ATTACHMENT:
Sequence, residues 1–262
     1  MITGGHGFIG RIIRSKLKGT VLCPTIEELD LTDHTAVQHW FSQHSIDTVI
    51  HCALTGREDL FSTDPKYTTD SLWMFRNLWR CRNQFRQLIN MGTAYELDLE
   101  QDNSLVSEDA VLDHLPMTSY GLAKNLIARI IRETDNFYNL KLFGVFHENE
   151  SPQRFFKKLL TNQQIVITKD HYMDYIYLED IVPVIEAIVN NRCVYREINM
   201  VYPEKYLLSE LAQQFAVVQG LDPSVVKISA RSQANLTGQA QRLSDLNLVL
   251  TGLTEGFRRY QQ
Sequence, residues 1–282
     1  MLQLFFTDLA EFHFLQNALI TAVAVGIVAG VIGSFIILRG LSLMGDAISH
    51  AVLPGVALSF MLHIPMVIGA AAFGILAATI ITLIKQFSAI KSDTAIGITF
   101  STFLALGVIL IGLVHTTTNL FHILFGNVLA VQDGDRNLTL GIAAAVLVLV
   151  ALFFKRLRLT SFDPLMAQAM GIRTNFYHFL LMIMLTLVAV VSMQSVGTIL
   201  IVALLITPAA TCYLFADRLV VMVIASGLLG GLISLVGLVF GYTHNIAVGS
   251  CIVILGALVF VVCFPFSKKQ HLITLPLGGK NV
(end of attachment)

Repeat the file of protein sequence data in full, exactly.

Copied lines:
Sequence, residues 1–262
     1  MITGGHGFIG RIIRSKLKGT VLCPTIEELD LTDHTAVQHW FSQHSIDTVI
    51  HCALTGREDL FSTDPKYTTD SLWMFRNLWR CRNQFRQLIN MGTAYELDLE
   101  QDNSLVSEDA VLDHLPMTSY GLAKNLIARI IRETDNFYNL KLFGVFHENE
   151  SPQRFFKKLL TNQQIVITKD HYMDYIYLED IVPVIEAIVN NRCVYREINM
   201  VYPEKYLLSE LAQQFAVVQG LDPSVVKISA RSQANLTGQA QRLSDLNLVL
   251  TGLTEGFRRY QQ
Sequence, residues 1–282
     1  MLQLFFTDLA EFHFLQNALI TAVAVGIVAG VIGSFIILRG LSLMGDAISH
    51  AVLPGVALSF MLHIPMVIGA AAFGILAATI ITLIKQFSAI KSDTAIGITF
   101  STFLALGVIL IGLVHTTTNL FHILFGNVLA VQDGDRNLTL GIAAAVLVLV
   151  ALFFKRLRLT SFDPLMAQAM GIRTNFYHFL LMIMLTLVAV VSMQSVGTIL
   201  IVALLITPAA TCYLFADRLV VMVIASGLLG GLISLVGLVF GYTHNIAVGS
   251  CIVILGALVF VVCFPFSKKQ HLITLPLGGK NV